Firestone Diamonds plc in its update on operations at its Liqhobong Diamond Mine for the quarter ended 30 September 2017 (Q1 of the Company’s FY 2018) reported that the plant at the mine was operating at nameplate capacity and that mining was “proceeding to plan and operations gradually extending to mining more representative ore from the pit”.
In the period under discussion, a total of 199,007 carats were recovered at a grade of 21.1 carats per hundred tonnes (FY 2017-Q4: 204,000 carats at a grade of 22 cpht).
Amongst the diamonds recovered in Q1 FY 2018 was a 134 carat gem-quality light yellow diamond. Firestone said that this was the largest diamond recovered to date and will be included in the Company’s next sale.
Apart from this stone, 45 special (larger than 10.8 carats) diamonds were recovered – as compared to 54 specials recovered in the previous quarter.
Also, in the quarter, the Company sold rough diamonds totalling 195,330 carats, including a a 45 carat clean white stone, which was the second one from the mine that sold at more than US$1 million.
“The sales this quarter achieved an average value of US$ 69 per carat, yielding proceeds of US$13.5 million,” Firestone said. “Since commencement of production in Q4 CY 2016, Firestone has sold all 505,706 carats recovered, for US$ 41.3 million, at an average value of US$ 82 per carat.”
Firestone noted that “Zero lost time injury record maintained with almost five million hours worked”.
As at 30 September 2017, the Company reported it had US$4.3 million as cash on hand.
Liqhobong is owned 75% by Firestone and 25% by the Government of Lesotho.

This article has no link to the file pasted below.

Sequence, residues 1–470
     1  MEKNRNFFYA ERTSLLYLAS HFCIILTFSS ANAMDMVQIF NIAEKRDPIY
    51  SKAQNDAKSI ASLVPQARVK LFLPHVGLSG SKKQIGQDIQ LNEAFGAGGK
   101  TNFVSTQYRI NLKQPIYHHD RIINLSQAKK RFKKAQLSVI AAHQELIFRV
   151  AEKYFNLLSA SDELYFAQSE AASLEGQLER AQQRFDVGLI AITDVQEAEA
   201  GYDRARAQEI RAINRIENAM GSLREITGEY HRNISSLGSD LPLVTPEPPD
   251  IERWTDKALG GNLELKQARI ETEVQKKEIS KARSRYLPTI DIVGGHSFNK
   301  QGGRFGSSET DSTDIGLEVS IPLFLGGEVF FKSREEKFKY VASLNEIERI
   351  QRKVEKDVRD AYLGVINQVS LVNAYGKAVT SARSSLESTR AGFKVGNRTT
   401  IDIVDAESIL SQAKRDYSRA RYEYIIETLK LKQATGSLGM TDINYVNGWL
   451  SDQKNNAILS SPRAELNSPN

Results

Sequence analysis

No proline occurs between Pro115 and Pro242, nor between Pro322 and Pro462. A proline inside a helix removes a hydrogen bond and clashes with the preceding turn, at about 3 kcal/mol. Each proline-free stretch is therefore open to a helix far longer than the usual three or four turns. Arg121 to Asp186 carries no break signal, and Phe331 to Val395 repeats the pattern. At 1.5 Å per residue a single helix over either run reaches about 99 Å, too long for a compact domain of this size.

Stuart Brown, Chief Executive Officer, commented: “Production for the quarter has been very stable, we ended the quarter slightly above all our anticipated production targets. While the previously announced average value per carat was somewhat disappointing this is reflective of the combination of the lower than expected occurrence of better quality diamonds recovered during the quarter, the widely reported current market conditions where sales are weaker in the finer sizes and weaker demand due to the time of the year.”
He added: “We have started moving to other areas in the pit and as expected, we have seen the start of some improvement in average value per carat recovered.”
Commenting on the general market scenario, the Company noted: “The overall market environment has seen a combination of oversupply and the previously reported Indian de-monetisation programme which is still having an impact on the Run of Mine goods (+11 diamond sieve and smaller). In addition, the summer months are traditionally the quietest time in the rough selling season. In the medium term, the Board expects market conditions to improve.”
News Source: gjepc.org